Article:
I once read that an electrical construction business manager can be compared to an airline pilot. At first blush, this seems somewhat absurd—business managers aren’t responsible for the safety of hundreds of lives. But relatively speaking, this is a viable analogy. How so?
The pilot’s goal is to keep the plane (albeit with the help of sophisticated computers) on a selected route so passengers may arrive at their destination. Similarly, the business manager “guides” the electrical construction company and its employees so the company is successful and profitable. Both put into place a series of events, resulting in the achievement of their respective goals. Both determine the necessary functions they must carry out to meet the goals, and in what order. Both have authority over and are responsible for subordinates. Both must also exhibit leadership and provide motivation through their thoughts, demeanor, and actions.
While the pilot is in constant control of the plane, observing weather and the plane’s performance, the business manager is in constant control of the business, observing operations, paying attention to complaints from customers, suppliers, and employees, and making necessary business decisions.
A business manager must be an entrepreneur. When times are good, we see a lot of “entrepreneurs” coming out of the field and going into business for themselves. The thinking is: “I can do this; why should I work so someone else reaps the profits?” Well, there are many pitfalls to this mindset theory.
According to the book, Successful Business Operations for Electrical Contractors, (Johnson and Whitson, McGraw-Hill Co., ISBN 0-07-032655-X; Phone: 212-337-5945), if you are thinking about going into business, you should ask yourself:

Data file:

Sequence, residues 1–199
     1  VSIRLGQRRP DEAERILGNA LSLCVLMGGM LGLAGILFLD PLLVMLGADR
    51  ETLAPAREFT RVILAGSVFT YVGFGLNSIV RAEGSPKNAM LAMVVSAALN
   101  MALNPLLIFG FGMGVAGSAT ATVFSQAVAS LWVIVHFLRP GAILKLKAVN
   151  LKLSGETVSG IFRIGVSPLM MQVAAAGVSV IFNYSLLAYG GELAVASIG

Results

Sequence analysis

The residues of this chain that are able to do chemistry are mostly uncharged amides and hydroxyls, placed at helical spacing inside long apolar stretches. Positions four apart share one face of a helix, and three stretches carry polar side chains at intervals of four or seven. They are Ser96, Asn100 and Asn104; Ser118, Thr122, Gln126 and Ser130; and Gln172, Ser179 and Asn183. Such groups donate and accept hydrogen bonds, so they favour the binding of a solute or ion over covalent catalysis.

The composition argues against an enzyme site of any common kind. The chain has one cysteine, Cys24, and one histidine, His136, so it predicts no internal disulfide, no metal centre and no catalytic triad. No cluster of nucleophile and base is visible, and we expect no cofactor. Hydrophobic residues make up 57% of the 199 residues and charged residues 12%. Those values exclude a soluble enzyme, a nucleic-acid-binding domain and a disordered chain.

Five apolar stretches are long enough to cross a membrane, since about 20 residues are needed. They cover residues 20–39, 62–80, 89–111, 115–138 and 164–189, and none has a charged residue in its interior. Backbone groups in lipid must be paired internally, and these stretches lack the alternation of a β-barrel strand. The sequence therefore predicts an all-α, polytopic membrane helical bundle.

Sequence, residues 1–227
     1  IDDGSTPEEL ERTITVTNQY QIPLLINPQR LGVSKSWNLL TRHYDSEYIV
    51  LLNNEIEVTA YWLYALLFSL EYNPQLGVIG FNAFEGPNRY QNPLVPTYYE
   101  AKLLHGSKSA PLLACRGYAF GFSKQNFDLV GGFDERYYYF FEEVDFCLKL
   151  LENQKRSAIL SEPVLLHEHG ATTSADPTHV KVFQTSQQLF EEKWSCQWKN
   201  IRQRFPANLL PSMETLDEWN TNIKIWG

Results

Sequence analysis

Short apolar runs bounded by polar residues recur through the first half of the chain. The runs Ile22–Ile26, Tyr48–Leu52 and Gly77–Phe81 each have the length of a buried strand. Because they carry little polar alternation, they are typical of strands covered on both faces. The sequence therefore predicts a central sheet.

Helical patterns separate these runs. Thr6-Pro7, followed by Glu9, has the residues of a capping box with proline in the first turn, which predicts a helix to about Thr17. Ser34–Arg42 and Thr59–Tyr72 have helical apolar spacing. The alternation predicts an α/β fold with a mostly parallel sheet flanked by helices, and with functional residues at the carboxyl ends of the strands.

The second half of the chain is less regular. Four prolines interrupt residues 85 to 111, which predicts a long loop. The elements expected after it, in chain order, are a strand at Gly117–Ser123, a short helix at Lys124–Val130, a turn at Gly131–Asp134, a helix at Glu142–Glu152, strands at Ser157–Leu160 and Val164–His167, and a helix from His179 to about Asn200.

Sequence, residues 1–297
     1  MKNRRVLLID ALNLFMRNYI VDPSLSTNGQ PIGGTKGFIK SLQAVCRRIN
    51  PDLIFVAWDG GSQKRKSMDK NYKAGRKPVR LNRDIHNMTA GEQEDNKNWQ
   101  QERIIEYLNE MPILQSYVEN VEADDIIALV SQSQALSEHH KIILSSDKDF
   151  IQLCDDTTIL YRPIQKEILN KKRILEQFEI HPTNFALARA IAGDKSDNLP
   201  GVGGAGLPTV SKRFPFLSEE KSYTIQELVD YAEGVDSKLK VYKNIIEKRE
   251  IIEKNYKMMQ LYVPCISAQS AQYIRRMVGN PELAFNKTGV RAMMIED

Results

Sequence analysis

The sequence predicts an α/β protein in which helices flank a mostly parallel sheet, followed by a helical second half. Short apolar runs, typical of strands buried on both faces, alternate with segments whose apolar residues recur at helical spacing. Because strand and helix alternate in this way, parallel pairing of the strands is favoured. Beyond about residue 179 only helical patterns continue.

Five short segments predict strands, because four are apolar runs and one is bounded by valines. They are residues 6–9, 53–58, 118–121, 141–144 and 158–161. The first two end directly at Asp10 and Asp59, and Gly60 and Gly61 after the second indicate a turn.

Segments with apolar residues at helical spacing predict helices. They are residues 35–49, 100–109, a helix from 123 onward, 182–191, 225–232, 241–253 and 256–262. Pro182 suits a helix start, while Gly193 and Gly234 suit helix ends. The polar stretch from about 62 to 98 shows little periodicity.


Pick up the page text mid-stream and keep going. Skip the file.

Do I respond well to authority?
Do I like routine work patterns?
Do I enjoy a stable, constant work environment?
Do I work well within clearly set parameters?
Do I work hard to be in a “comfort zone?”
If your answer is YES to most of these questions, you’ll probably have problems running your anticipated business. Why? There’s just too much uncertainty in the business world. And, the personal financial risk will negatively affect your “comfort zone.” It’s just not for you.
Suppose you ask yourself these questions (again from the above-mentioned book):
Do I look at many problems as opportunities in disguise?
Do I believe work is an all-important thing in my life?
Do I need to be in control?
Do I seek change in variable situations?
Am I willing to take quick action without getting approval from other people?
Do I enjoy establishing parameters and objectives to work by?
Am I constantly thinking of new things to do, avoiding routine?
If your answer is YES to most of these questions, then you’re a promising candidate and most likely suitable to own and run your own business.
So, before you decide to guide your electrical construction “airship,” do some inward inspection. It may save you a lot of grief, not to mention considerable money.